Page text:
In the post-World War II period, an informal network of Modern architects later known as the “Harvard Five”—Marcel Breuer, Landis Gores, John Johansen, Eliot Noyes, and Philip Johnson—moved to the bucolic town of New Canaan, Connecticut, and established what would become a center of experimental Modern residential design. The National Trust for Historic Preservation Northeast Office, the New Canaan Historical Society, the Philip Johnson Glass House, the Connecticut Trust for Historic Preservation, and the Connecticut Commission on Culture & Tourism sponsored a project to survey 65 of New Canaan's surviving mid-century modern residences in order to document these houses and to serve as a national model for similar surveys throughout the United States.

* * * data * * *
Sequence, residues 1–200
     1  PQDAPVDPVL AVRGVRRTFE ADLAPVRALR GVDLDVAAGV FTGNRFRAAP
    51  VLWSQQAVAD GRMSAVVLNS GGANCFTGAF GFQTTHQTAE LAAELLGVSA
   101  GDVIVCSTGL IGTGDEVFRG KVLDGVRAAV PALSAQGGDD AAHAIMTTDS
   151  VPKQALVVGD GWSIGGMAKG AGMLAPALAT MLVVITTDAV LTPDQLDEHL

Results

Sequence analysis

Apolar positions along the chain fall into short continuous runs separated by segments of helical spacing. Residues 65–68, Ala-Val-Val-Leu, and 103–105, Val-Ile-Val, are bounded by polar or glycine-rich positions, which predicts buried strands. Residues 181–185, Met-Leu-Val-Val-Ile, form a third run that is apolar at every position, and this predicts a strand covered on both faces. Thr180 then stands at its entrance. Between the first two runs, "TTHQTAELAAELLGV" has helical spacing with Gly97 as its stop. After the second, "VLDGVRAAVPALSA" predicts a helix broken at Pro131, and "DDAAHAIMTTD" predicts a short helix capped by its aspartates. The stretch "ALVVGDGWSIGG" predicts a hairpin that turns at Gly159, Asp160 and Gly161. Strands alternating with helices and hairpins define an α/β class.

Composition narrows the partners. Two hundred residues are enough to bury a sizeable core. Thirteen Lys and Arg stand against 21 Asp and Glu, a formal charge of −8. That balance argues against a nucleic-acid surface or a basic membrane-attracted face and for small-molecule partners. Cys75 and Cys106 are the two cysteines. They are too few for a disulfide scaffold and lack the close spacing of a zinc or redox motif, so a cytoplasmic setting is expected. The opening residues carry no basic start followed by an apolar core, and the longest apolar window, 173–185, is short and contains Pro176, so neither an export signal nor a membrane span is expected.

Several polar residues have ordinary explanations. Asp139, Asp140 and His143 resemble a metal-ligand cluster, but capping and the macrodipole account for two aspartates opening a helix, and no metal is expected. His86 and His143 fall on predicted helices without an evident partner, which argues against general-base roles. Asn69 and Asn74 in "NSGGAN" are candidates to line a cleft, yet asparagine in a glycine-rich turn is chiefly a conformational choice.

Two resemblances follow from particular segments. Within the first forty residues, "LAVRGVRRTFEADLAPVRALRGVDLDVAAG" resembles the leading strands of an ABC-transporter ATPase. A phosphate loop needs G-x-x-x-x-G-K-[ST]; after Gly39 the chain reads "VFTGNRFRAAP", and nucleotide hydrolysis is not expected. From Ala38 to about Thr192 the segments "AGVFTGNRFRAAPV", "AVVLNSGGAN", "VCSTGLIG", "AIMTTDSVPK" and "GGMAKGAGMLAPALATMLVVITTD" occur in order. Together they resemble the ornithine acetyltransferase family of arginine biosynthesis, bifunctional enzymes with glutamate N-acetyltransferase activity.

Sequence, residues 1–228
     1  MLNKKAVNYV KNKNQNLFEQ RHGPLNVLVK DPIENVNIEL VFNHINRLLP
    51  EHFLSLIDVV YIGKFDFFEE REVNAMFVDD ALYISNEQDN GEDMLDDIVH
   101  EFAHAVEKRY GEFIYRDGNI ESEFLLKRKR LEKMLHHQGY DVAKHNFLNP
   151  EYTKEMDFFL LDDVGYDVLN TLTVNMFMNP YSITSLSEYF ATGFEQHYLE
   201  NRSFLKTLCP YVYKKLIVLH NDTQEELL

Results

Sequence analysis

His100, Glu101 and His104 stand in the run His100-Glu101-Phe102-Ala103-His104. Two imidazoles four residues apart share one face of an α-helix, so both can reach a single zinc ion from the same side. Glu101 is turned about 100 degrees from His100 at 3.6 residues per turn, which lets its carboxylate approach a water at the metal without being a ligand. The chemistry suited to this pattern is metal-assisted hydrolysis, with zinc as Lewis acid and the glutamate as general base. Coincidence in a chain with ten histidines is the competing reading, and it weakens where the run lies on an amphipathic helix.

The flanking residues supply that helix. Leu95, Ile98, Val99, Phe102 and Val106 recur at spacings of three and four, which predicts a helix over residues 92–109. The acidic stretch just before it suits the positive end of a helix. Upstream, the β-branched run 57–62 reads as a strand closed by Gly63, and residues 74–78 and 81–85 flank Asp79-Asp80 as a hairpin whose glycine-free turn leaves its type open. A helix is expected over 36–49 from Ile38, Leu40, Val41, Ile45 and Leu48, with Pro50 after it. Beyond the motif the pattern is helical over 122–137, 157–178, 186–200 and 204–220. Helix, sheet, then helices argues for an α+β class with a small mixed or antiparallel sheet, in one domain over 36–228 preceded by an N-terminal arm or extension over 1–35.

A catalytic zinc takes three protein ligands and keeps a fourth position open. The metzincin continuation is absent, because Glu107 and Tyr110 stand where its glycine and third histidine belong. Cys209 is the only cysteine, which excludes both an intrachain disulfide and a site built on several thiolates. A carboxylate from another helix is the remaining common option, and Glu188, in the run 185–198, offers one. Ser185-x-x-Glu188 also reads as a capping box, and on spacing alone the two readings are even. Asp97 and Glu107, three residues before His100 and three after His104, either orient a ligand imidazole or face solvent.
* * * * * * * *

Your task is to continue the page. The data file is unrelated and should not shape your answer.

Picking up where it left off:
BCA performed extensive archival research on the Modern movement in the United States, the Harvard Five, and the development of Modern residences in New Canaan. BCA developed a historic context, systematically documented each house, and assessed its architectural and historical significance by applying the National Register (NR) of Historic Places Criteria for Evaluation. The study incorporated a field survey using a custom survey tool and produced an extensive narrative report. The culmination of this project was an exhibit at the Connecticut Commission on Culture & Tourism Gallery in Hartford, Connecticut.